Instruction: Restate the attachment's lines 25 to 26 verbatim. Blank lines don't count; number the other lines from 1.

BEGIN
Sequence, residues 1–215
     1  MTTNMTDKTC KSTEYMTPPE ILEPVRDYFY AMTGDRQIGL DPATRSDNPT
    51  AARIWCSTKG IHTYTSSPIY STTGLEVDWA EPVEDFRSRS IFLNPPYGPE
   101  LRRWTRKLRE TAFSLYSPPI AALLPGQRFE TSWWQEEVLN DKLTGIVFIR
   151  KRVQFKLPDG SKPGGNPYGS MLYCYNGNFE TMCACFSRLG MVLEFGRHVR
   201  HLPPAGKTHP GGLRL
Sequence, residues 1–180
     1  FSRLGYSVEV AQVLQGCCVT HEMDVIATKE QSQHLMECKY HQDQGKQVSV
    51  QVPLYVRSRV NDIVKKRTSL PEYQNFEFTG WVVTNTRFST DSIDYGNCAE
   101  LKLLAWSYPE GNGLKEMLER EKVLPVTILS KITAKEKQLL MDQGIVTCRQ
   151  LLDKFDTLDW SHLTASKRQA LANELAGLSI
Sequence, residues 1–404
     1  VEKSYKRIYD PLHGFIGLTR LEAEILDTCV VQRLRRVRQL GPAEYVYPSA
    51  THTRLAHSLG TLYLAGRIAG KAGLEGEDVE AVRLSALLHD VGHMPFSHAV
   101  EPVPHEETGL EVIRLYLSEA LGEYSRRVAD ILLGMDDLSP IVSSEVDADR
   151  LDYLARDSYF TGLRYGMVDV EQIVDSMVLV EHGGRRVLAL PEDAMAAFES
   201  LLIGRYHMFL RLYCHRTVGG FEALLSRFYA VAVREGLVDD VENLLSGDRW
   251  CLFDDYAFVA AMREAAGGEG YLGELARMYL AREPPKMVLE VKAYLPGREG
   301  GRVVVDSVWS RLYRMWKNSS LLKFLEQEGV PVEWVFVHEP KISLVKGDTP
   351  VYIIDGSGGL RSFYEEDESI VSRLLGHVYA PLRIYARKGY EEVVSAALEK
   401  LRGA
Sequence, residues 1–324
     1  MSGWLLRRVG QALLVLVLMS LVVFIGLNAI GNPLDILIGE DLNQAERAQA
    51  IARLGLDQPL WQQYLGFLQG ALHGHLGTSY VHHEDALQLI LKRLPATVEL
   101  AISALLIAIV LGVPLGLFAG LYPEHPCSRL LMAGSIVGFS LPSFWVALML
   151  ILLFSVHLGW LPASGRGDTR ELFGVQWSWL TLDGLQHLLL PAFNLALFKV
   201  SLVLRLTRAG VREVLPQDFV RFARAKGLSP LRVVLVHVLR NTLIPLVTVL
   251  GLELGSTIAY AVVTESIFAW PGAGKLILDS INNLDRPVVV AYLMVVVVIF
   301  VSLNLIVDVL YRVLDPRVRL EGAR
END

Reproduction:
   101  AISALLIAIV LGVPLGLFAG LYPEHPCSRL LMAGSIVGFS LPSFWVALML
   151  ILLFSVHLGW LPASGRGDTR ELFGVQWSWL TLDGLQHLLL PAFNLALFKV